W.C.: Wiki does not threaten peer review. Science needs peer review and it will get it. I do not see knowledge produced through wikis as being on the same ground with scientific knowledge. Wiki is best seen as a way of reporting, sharing, coordinating, problem framing and agenda setting. A wiki works best where you’re trying to answer a question that you can’t easily pose, where there’s not a natural structure that’s known in advance to what you need to know.

Science is based on repeatable experiment. The peer review is a means of assessing the quality of the experiments, not voting on the preference for a particular result. But we should not forget that what you get as a wiki reader is access to people who had no voice before. The people to whom we are giving voice are aware of what it’s like to write, and ship, a computer program.

If you want to contribute to a scientific journal you should be peer reviewed. Part of peer review is that you’re familiar with all the other literature. And the other literature somehow that has spiralled off into irrelevance. What was being written about programming didn’t match what practicing programmers felt. With wiki, practicing programmers who don’t have time to master the literature and get a column in a journal that’s going to be read have a place where they could say things that are important to them. The wiki provides a different view. In fact you can tell when someone is writing on wiki from their personal experience versus when they are quoting what they last read. " (

Research reveals weaknesses of peer review processes

Summary of the research from

"Although peer review is plagued by elitism, bias, and abuse, it is deemed by many as essential to the scientific process. Ironically, peer review has no valid scientific base. The few studies done on peer review suggest that reviewers -- also known as referees -- vary markedly in their opinions. Moreover, peer review does not prevent scientific fraud, hardly detects errors, and only modestly improves scientific quality (Smith, 1999; van Rooyen et al., 1999; Rothwell and Martyn, 2000). Importantly, peer review continues to be a conservative process that smothers innovative and unconventional ideas." (

Limitations of the present regime of peer review

By M. Guedon at

"the present system is too rigid, too unwieldy to permit such small-scale, yet potentially crucial interventions. To make the proper corrections, one would have to republish and perhaps even go through the publisher if it is in print. The communication process is therefore limited or blocked.

There is a second type of difficulty: the present system of scholarly publishing relies more on a credential system and a co-operative system rather than on the intrinsic quality of individual intelligence and the excellence of the submitted text. One does not enter scientific or scholarly territories without showing the right kinds of references - diplomas, titles, names of institutions, etc. As a result, the scientific and scholarly enterprises work as a two-tier system where the authorized write and read and the others do not write and often cannot read because of economic barriers, such as high subscription prices and lack of affiliation to the right library).

To address these obstacles, M. Guédon touches on the granularity issue. The article is not the only possible model to contribute to scholarly or scientific research. This is even truer of the monograph in the humanities and, in fact, the article has superseded the monograph in most disciplines. He suggests that knowledge should be regarded as a conversation. People should freely be able to contribute to it. In the scientific community for example, moving closer to a wikipedia model could be the way of the future as knowledge would be made available to everyone; it can be created together, modified on a global scale, improved upon, and so forth. However, the argument of quality comes to mind. He counters that the present criteria for quality inherently rest on a hierarchical vision of society. When excellence is sought, the greater the number of minds involved, the greater the quality of the work done: the case of free software and some recent analyses of Wikipedia confirm this general rule. The greater the numbers of people involved in an issue, the better the answers are crafted. Consequently, the lines that separate the experts from the rest of society should be erased. We will always have experts in various fields, but to limit contributions to knowledge as a whole to experts only is to deprive all of humanity of its enormous potential for distributed intelligence." (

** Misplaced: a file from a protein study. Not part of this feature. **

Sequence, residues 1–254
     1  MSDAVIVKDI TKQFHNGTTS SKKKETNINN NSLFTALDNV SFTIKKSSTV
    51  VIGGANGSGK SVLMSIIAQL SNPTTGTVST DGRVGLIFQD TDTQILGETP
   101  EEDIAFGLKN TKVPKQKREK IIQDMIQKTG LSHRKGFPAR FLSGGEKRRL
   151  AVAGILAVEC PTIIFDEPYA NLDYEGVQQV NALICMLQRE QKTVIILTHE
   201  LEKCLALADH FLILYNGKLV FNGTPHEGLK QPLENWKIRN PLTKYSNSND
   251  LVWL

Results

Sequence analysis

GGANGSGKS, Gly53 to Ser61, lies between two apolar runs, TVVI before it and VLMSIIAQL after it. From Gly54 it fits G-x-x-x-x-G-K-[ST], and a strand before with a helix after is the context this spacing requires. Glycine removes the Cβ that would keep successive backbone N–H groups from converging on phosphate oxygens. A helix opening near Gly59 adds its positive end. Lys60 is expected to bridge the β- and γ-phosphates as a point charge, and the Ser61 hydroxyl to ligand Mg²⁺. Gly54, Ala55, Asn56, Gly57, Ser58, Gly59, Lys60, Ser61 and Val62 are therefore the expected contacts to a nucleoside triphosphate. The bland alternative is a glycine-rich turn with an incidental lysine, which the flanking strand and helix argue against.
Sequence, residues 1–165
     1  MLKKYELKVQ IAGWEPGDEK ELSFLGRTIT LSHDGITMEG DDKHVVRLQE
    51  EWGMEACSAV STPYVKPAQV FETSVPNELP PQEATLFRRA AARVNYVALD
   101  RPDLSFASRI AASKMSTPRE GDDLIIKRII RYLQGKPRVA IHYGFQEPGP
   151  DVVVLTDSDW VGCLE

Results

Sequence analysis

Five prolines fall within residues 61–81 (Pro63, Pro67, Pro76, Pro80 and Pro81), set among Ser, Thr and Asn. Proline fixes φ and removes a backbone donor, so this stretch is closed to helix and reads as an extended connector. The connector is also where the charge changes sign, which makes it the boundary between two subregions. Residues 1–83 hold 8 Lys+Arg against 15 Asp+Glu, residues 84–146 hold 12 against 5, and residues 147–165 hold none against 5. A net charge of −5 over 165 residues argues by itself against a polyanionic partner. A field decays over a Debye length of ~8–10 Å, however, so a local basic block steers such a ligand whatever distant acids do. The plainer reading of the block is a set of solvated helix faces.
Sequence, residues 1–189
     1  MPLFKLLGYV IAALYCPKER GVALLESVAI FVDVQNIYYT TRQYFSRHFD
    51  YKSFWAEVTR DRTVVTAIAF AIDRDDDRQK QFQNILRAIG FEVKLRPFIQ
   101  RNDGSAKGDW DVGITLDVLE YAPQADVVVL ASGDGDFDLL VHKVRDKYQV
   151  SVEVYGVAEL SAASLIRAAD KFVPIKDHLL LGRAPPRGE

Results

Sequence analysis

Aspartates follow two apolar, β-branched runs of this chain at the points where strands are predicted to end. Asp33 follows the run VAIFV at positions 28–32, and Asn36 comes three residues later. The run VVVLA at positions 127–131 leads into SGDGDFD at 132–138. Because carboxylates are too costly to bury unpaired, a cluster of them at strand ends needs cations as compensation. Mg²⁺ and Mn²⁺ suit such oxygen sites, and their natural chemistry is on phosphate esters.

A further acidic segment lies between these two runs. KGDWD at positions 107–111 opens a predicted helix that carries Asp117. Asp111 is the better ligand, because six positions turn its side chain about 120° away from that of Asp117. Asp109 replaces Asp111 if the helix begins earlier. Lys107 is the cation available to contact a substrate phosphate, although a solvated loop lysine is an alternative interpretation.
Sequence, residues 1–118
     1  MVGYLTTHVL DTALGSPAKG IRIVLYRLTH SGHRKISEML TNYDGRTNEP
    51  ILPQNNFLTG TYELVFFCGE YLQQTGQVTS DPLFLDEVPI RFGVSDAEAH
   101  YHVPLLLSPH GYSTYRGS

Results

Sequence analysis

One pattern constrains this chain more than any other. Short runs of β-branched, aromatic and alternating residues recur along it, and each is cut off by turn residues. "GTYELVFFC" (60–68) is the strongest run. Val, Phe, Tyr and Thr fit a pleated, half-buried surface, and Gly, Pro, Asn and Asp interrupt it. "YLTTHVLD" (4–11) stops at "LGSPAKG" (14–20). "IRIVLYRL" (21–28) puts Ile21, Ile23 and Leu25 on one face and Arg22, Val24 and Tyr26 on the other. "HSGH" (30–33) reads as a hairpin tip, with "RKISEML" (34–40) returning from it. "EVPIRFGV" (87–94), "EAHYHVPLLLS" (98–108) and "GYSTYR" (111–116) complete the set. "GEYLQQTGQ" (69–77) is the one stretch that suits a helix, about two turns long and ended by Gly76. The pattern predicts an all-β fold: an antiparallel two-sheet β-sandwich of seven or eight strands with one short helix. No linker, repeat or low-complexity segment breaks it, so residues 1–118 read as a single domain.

More Discussion

Three part critique by Samir Chopra and Scott Dexter:

"we go on to talk about open, non-anonymous peer review as a particular solution, and about free software's methods of peer review and its value as an ideal for the practice of computer science at large. In the second post, I want to talk a bit about how badly, it seems to me, peer review is busted in the sciences. This will be anecdotal, insofar as I will be reliant upon my own experiences and observations. Still, considered as a report from the trenches, it might have some value for the reader. I should also qualify my comments by saying that while peer review seems to work reasonably well in journal article review, it is undeniably broke in conference article and grant proposal review, two fairly large and important parts of the practice of science today. We can then return to the solutions mentioned above." (

Read: Part One ; Part Two; Part Three

More Information

  1. Stevan Harnad on why we need peer review, at
  2. Grazia Ietto-Gillies: Replacing Peer Review by a ex-post bottom up peer comments system
  3. Lessons from the History and Philosophy of Science regarding the Research Assessment Exercise, at
  4. History and current practice of peer review, overview article at This article by Prof. Donald Gillies shows examples of why an excessive reliance on peer review can impede scientific progress, as major advances were in their time rejected by their peers.
  5. Peer Review: The View from Social Studies of Science, by Christina K Pikas